Among scientific communities, there is a small but growing segment of research concerned with "DOHaD" - the developmental origins of health and disease. The work usually focuses on how childhood, including birth, the fetal period, and sometimes even pre-conception events, affects a person's lifelong health and well-being and is the topic of a recent article (subscription required) published in Pediatrics by researchers at the Eunice Kennedy Shriver National Institute of Child Health and Human Development. The phrase "the child is father of the man" is a line from William Wordsworth's "My Heart Leaps Up" and also the title of the article, whose authors added, commendably, "and the mother of the woman."
DOHaD gained acceptance within the medical community starting with the "Barker Theory" in 1995, when David Barker, MD, showed that babies with low birth weights were at higher risk for coronary heart disease later in life. Prior to his work, the dominant model was that the health of those who survived childhood without major disease or disability was sort of "reset" in adulthood, to decline from then into old age. This is increasingly understood to be a simplistic model.
Resistance to the idea stems from the fact that links between child and adult health are associative and not proven to be causative; therefore, the article's authors Alan E. Guttmacher, MD, and Tonse N.K. Raju, MD, call for scientists to do more mechanistic research investigating causation, and "more importantly, to devise treatments and preventions, for the many “adult-onset” conditions that actually are rooted in much earlier exposures and events." Such research is difficult because of the incredible number of variables that occur over an entire lifespan, and even within the category "perinatal risk factors."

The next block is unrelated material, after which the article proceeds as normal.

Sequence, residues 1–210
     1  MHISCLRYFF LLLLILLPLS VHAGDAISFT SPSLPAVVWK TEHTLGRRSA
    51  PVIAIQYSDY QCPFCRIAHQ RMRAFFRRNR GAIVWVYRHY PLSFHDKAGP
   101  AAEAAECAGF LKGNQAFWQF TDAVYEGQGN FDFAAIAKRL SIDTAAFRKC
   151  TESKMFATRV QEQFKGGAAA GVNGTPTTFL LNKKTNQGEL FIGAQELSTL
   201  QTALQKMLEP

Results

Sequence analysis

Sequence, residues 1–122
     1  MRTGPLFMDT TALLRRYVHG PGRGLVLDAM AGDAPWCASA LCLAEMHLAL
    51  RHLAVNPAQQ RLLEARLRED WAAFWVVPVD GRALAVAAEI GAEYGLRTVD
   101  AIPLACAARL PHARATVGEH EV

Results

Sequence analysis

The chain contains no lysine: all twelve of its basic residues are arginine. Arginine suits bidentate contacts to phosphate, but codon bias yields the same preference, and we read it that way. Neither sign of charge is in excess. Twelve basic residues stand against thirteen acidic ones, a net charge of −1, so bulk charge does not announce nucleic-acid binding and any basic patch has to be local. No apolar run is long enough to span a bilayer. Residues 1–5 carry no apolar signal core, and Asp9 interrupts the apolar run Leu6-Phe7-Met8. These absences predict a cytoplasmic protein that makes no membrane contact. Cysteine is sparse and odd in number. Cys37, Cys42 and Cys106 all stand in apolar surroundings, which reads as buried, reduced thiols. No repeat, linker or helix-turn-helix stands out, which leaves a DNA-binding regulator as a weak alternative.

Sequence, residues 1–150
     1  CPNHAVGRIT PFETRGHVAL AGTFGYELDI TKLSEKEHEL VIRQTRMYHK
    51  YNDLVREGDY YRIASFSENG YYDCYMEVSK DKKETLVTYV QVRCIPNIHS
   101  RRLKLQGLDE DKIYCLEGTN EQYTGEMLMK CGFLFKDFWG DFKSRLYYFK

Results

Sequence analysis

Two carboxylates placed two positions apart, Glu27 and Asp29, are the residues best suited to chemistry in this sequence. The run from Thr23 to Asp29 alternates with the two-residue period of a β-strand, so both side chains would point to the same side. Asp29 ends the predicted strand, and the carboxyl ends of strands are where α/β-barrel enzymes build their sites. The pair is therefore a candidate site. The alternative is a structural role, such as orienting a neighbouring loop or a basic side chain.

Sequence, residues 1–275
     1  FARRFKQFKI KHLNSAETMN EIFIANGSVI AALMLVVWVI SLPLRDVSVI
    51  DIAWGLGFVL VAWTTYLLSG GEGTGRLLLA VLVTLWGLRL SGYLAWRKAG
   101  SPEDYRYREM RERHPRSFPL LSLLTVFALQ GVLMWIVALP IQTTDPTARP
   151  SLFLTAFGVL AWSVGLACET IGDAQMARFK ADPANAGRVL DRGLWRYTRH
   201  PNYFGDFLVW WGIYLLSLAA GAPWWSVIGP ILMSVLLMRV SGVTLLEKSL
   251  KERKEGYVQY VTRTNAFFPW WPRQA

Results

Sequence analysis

In the piece, the authors describe the importance of DOHaD and how a better understanding of it could affect pediatrics and health care:
Arguably the most important advance in the health care of children, and in establishing pediatrics as a medical specialty, was the cultural awakening that children were not simply small adults. Ironically, DOHaD greatly expands the impact of pediatrics by reversing that shift and focusing on how children actually are smaller versions of the adults they will become.
Once the biological and behavioral pathways that underlie DOHaD are identified and understood, the role of pediatrics should expand in fundamental and powerful ways. Anticipatory guidance in the future will not be just about the next 6 weeks or 6 months or even 6 years of the child’s life, but the entire life span. The pediatrician and other children’s health care providers will inform parenting and behaviors, including diet and exercise, and even prescribe presymptomatic medication targeted to the individual child. The pediatrician will become the gatekeeper to lifelong health.
Photo by Brad Brundage